Silver jewelry has an elegance, there is no question about it. You get nice shiny jewelry without too much flashiness or the cost associated with other precious metals. It is an affordable way to look classy and hence this type of jewelry is popular among all ages. But there is a problem with silver that other metals like gold or platinum do not have. It can develop a black look over time which is not very attractive (to most people; some love it) and may lose the initial shine and brilliance.
If you want to keep your silver jewelry as new as the day you bought it or bring out the lost shine, read on for some tips.
Buy the best silver possible
When you buy silver jewelry, you get choices like sterling silver, fine silver, and silver plated jewelry.
Pure silver never tarnishes but pure silver is not usually made into jewlery. Even if you buy fine silver (with the marking 99%) make sure that you buy only earrings or occassion-wear jewelry, because pure silver jewelry scratches /dents very easily.
Sterling silver is pure silver mixed with some copper or sometimes nickel. Copper reacts with oxygen and other elements to create that black unattractive look that you call tarnishing. Tarnish on sterling silver can be removed easily. Do not use sterling silver jewelry roughly, as it can also be dented and scratched, though not as easily as fine silver.
If you want to prevent any tarnish, you can look for jewelry with a lacquered finish that will prevent tarnish. A type of Sterling silver with an addition of element germanium is generally tarnish-free – it is guaranteed and patented. Even the rare tarnish that occurs is easily removable. It is far more expensive than sterling silver.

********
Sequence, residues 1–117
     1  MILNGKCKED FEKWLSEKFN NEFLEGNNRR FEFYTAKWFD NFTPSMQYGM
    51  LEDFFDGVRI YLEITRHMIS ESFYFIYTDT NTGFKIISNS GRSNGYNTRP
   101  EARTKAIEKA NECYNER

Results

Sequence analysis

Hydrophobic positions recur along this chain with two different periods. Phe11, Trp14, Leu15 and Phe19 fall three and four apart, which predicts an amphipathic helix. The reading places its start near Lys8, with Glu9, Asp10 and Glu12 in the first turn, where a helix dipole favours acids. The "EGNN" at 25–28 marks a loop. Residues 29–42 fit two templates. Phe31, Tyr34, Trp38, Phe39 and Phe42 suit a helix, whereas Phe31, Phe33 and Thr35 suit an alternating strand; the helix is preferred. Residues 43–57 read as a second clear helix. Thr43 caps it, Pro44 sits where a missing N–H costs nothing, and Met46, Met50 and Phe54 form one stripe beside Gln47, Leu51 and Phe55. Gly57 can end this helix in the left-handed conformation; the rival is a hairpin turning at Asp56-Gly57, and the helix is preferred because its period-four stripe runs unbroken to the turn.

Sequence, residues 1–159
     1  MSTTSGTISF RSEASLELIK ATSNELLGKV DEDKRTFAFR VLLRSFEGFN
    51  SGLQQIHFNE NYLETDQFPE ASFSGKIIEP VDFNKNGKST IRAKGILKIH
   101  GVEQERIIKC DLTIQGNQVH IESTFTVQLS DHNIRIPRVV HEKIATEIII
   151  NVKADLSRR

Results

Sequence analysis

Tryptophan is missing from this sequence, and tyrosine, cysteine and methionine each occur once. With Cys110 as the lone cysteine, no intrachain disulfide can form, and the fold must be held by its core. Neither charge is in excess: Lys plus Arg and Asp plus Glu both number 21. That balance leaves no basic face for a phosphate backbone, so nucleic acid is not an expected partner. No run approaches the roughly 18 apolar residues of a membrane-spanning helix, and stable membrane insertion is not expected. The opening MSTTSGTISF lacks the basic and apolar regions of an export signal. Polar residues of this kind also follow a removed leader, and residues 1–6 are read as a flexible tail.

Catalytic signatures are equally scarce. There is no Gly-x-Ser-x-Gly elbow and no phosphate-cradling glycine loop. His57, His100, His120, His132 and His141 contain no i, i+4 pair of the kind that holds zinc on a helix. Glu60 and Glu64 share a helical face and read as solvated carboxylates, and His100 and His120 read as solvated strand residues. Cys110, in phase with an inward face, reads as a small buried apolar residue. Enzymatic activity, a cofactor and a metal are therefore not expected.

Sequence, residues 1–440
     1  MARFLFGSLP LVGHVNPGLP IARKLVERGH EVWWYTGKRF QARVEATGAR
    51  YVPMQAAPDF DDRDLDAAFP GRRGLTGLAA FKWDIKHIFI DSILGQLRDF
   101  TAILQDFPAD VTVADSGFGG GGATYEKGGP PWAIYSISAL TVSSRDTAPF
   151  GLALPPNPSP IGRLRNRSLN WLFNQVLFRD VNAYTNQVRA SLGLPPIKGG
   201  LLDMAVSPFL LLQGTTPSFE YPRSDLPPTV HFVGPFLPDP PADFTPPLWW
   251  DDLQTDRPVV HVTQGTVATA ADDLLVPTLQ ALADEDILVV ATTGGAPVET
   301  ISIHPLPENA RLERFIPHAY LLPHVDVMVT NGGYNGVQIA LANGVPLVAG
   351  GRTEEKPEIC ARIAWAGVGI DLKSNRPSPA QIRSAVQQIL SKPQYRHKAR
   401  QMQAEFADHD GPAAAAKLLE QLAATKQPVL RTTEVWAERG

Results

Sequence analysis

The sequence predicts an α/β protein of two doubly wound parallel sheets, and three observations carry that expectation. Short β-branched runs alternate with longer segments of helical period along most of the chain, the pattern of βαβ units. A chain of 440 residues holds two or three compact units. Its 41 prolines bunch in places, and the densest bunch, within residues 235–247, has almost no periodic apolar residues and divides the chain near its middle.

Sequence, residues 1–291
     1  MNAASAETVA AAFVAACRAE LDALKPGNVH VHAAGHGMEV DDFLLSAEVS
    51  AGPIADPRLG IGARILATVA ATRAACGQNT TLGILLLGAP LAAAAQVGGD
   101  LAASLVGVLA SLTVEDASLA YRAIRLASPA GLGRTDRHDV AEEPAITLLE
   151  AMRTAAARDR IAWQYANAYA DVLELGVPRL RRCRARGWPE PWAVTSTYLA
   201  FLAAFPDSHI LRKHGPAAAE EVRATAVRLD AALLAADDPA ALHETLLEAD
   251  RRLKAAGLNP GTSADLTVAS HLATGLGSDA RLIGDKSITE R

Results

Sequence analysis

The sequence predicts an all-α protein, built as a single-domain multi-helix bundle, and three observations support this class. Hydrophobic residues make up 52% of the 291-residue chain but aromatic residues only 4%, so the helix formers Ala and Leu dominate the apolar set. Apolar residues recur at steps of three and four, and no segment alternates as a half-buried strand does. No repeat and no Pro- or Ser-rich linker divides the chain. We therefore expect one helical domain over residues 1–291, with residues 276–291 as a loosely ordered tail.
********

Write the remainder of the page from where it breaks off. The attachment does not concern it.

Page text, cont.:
Sometimes what you buy as ‘silver’ may not be silver at all. If you buy silver-colored jewelry marked as just silver or some other name with silver added- it may just be nickel-silver which is just coated with silver, without any real silver content.
Silver plated jewelry only has a small coating of silver on it and will not be as costly as silver. (Buy only if you are paying 1/10 of the cost of real silver jewlery and if you are not allergic to nickel)
Nickel silver (looks like sterling silver but has no silver at all) can cause allergic rashes on the skin. And it can tarnish if exposed to water (slowly). Silver anodised aluminium jewelry is a better alternative than ones with nickel.
Buy from reputed sellers or look for some hallmarking or markings like sterling, 99%, 925, etc. Sterling jewelry usually has ‘sterling silver’ marked on it or it may be marked 925. Sterling silver must be at least 92.5% silver for it to be of good quality – so look for the 925 mark.
Store the jewelry in a proper manner
Store silver jewelry in a cool dry storage box. Keep them in small muslin bags or small ziplock bags – if you keep anti-tarnish paper with it, it will prevent tarnishing in storage.
Store your silver jewelry INDIVIDUALLY without them rubbing against each other. When they come in contact with other silver pieces they can leave small marks which is not a good look in the long term – they add up and the pieces will turn dull. You should have a separate compartment for each piece to prevent this – do not huddle all of them together
Humidity, sunlight and sulphur compounds are enemies of bright silver – keep away.
How to clean tarnished silver jewelry
As most other sterling jewelry tarnishes, you will want to know how to clean your jewelry. Please follow these tips to keep your silver jewelry intact:
Clean your silver jewelry regularly to prevent the tarnish from settling in – This depends on how regularly you use your jewelry and exposure to humidity, perfumes, cosmetics etc.
You can buy commercial products and apply them to your jewelry.